A Patio Project by My Brother, with a Good Neighbor’s Help

Building the frames for the concrete edging


The project continues, as does the seemingly ceaseless rain! Living near the Gulf of Mexico in the summer brings the possibility of lingering low pressure cells, sometimes dropping inch-an-hour rain. We have entered that middle stage of a project where we have done enough so far to prevent turning back, and yet not far enough along to have confidence about the intended result.

80 pound bags of Quikrete are not easy to lift and move around, and are far more challenging to handle than individual stone pavers. And three cubic yards of ‘gravels and fines’ (perhaps about 5 tons!), brought here to south Louisiana by barge, must be moved from the driveway out front to the new patio out back. In the midst of these considerations, a 9″diameter trunk magnolia had to come down because its roots had already compromised the prior patio. We accomplished that mostly by using a handsaw, but the providential appearance of a neighbor with a chainsaw helped us take care of the hardest and last part of that task.

The magnolia on its way down! (the debris in the roof valley is coming down, as well)

Another confidence-building point has been the kind help provided by our thoughtful next door neighbor, who volunteered to drive his Bobcat small tractor to assist us. In the process of helping clear the area for the new patio, as well as to move the gravel around to the back, we made a discovery. A very large, 80-100′ ancient pine tree had also intruded roots under the whole area of the old patio, and needed to be removed. Below is a photo of the guy who climbed that tall old tree to achieve its removal.

Having cleared the trees and roots, we have continued to deal with the challenge of almost daily heavy rains. Though my brother very carefully provided a packed gravel base for the new patio, heavy rain flooded the area. His good work enabled him to put in a wooden framework for the concrete edge of our intended project, and has allowed us to begin pouring new cement into it.

My brother’s self-taught knowledge of landscaping has helped him know how to prepare a proper foundation for pouring cement in this way, including how to handle rebar. The photo below shows how he has carefully anticipated a pour that we intended to make this afternoon.

As we began to pour fresh cement, the rain (of course) began again:

More to follow!

The Beauty of a Brother’s Skills

Before: a patio needing to be replaced!


Having planned to be away to be with her sister for a week, my wife suggested that I might invite one of my brothers to visit during this time. Greg lives in the far Northwest on Puget Sound, and is an adept self-taught home landscaper as well as builder. The opportunity for a visit coincided with an opportunity to address a need. We have a patio that has become compromised by tree roots as well as a lack of a durable foundation.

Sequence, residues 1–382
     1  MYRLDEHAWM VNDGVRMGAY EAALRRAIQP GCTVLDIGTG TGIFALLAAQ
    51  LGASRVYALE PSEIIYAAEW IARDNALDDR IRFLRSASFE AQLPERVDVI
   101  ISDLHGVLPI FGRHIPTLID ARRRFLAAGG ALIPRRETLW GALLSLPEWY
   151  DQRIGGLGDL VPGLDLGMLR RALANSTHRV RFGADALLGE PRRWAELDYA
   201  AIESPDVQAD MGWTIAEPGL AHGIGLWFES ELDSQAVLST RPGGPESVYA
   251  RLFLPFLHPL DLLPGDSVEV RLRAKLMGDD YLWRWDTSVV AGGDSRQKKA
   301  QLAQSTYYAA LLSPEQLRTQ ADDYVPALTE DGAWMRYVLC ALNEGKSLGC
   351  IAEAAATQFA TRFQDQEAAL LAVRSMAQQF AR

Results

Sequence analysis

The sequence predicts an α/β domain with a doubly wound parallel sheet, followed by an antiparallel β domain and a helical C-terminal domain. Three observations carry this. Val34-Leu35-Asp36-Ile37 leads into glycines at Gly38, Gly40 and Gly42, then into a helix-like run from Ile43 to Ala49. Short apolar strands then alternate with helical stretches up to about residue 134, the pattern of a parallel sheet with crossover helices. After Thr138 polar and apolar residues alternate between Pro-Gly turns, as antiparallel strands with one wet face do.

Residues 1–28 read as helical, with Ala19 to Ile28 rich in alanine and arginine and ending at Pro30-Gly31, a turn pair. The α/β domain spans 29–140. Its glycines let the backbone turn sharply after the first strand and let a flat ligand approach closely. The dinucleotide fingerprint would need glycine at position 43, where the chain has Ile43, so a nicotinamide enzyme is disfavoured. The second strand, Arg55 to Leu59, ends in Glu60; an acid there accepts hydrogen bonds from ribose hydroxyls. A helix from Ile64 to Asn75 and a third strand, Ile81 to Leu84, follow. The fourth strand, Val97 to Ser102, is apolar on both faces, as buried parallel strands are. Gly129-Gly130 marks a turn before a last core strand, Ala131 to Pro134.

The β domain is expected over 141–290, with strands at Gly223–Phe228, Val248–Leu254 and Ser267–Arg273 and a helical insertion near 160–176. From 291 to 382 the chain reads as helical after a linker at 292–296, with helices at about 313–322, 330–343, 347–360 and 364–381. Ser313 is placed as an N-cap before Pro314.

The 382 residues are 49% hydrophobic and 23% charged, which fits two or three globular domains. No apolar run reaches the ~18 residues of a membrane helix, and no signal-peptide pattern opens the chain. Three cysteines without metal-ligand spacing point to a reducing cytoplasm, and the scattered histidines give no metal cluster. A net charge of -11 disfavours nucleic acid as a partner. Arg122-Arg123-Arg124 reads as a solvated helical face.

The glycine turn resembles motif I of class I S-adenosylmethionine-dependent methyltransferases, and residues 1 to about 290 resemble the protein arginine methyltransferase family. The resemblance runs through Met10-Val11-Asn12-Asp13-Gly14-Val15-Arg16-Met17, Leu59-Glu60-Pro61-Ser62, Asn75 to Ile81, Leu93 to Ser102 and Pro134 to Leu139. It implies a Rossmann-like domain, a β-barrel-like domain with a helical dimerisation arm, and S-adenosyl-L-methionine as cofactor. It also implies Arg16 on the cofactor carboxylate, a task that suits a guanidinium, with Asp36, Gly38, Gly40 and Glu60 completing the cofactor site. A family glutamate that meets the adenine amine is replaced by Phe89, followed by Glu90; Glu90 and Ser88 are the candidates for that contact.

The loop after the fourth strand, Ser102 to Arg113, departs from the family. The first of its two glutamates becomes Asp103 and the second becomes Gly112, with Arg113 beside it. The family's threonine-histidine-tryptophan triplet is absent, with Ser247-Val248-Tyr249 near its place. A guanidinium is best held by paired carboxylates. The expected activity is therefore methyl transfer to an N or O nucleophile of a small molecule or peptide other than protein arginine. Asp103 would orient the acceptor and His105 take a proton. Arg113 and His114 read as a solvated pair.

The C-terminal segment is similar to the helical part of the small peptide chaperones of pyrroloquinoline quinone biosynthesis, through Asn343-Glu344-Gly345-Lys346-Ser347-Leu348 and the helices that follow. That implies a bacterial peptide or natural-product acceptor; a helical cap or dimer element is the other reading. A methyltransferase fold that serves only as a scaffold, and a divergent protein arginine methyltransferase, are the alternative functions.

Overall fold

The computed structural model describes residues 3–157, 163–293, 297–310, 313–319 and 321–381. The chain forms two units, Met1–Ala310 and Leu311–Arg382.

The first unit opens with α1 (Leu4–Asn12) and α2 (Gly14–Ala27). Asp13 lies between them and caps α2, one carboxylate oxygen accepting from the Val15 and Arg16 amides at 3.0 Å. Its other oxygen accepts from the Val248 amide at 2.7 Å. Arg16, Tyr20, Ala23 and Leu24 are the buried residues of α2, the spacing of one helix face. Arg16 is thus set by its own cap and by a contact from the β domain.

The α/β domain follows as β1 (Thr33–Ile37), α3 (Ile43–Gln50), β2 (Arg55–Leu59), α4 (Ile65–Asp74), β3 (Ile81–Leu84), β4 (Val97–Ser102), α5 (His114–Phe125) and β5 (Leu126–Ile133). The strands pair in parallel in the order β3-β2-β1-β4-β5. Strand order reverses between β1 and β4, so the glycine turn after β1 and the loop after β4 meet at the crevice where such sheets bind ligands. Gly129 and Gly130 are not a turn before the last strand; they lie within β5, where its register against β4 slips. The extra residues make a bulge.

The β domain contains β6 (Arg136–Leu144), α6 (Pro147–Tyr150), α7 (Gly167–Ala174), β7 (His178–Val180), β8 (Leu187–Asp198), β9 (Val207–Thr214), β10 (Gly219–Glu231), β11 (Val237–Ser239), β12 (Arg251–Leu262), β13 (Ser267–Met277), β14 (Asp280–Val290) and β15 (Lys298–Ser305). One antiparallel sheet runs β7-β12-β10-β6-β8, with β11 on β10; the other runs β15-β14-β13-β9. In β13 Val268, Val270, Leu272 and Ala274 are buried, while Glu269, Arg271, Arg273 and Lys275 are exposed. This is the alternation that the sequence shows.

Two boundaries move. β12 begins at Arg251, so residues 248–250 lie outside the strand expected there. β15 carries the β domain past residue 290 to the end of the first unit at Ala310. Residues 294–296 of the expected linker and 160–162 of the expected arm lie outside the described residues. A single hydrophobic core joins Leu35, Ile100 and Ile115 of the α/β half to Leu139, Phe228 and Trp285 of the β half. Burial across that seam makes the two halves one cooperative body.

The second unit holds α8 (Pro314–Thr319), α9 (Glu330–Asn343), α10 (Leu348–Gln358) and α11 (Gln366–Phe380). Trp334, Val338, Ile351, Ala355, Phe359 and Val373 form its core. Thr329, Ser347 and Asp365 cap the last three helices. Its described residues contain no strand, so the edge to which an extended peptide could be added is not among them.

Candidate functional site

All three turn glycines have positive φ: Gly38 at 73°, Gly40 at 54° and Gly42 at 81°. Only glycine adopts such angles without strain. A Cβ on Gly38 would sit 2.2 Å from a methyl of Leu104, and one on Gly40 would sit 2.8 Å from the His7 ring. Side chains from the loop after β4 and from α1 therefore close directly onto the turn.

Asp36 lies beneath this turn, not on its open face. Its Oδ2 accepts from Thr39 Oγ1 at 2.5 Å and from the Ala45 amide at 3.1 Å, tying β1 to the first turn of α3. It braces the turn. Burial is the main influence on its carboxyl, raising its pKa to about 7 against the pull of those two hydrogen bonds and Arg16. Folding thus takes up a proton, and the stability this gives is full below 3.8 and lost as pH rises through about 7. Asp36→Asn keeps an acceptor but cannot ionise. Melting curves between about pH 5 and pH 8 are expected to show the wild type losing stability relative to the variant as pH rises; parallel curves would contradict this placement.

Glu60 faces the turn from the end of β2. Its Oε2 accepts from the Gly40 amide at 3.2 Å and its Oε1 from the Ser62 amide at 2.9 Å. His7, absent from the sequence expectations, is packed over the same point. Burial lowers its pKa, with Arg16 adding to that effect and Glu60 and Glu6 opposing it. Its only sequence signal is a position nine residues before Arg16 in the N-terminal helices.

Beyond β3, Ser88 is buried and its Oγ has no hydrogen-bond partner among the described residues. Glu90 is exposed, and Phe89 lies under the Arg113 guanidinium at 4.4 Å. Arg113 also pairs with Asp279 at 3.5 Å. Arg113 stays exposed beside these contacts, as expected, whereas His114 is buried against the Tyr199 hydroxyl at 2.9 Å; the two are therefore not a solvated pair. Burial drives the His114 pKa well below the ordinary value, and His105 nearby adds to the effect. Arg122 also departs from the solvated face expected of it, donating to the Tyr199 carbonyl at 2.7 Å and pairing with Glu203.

Attracted by the beauty of a new patio, but daunted by the prospect of achieving it, I wondered. But Greg not only came for a good visit, he brought his cement finishing tools with him. Ok – game on! If you have been fortunate to have one or more siblings like I have, you may appreciate how wonderful it is to have someone with whom you have grown up be a continuing part of your journey toward wholeness.

This week I would like to share with you the beauty of my own experience of having a sibling who is more skilled at doing some things that I only imagine, and wish I could do myself. Yes, sibling relationships may sometimes be complicated. But there are certain treasures to be found in those relationships that friendships with others can fall short of discerning or attaining.

The former patio flagstones and pea gravel removed

What I marvel at is my brother’s ability to conceive of the broad parameters of a project, from the initial stage outward to the desired result. A couple of outings to nearby large-box hardware and supply stores provided me/us with needed tools, materials, and a slight boost in confidence (for me). We all want dream results, while most of us don’t really want to pay for them!

But the real boost in confidence came with the next step. A good friend of one of my sons recommended a vendor for varieties of landscape stone. This was somewhat unexpected in our part of south Louisiana, where all the soil that exists is essentially alluvial, and where no natural or native stone is generally found. Here, we live upon the deposit of thousands if not millions of years of transposed and deposited soils from Montana (via the Missouri), Minnesota (via the Mississippi), the states between them, along to the rivers’ combined outlet in the Gulf of Mexico, just south of us. And so, we found these attractive paving stones (below) in the discount area of a local vendor, where large pallets of multi-sized pavers had been picked through, and where – perhaps- enough leftover pieces for our smaller project might be found. They were!

Some of the new ‘pavers’ adjacent to the removed flagstone

Having priced the general market for such stones, we had found a deal. But beyond that welcome result, I find myself most grateful for my brother’s discernment about which blocks on the ‘discount’ pallets were worth obtaining, and those which might not meet our expectations for final appearance quality.

The project continues despite frequent and heavy Louisiana summer rains!